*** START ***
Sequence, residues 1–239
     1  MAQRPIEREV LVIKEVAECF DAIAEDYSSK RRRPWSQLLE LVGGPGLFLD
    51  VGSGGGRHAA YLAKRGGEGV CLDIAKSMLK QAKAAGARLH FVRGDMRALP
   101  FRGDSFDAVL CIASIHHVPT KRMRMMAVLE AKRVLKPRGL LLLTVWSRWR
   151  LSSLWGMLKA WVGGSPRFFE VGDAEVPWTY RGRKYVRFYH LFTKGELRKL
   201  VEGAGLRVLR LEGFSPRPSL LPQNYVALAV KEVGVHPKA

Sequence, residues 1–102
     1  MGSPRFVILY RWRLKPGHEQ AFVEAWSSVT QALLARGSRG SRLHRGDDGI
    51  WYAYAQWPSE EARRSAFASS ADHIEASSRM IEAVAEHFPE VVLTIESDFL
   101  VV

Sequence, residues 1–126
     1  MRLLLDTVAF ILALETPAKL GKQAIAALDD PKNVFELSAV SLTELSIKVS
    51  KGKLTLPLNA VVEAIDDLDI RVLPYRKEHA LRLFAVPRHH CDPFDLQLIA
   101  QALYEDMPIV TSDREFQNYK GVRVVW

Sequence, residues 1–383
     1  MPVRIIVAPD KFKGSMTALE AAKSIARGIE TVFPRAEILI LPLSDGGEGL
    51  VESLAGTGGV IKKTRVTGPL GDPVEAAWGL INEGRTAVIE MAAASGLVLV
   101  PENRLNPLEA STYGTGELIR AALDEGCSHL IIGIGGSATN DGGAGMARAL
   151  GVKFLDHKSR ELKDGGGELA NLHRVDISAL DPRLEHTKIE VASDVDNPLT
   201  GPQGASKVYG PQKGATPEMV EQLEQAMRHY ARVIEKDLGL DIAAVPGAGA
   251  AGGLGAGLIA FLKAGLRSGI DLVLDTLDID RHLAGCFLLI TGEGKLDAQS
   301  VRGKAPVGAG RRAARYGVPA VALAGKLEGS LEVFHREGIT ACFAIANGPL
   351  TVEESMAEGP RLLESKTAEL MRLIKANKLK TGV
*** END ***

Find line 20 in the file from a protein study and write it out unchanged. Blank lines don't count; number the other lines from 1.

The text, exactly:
   201  GPQGASKVYG PQKGATPEMV EQLEQAMRHY ARVIEKDLGL DIAAVPGAGA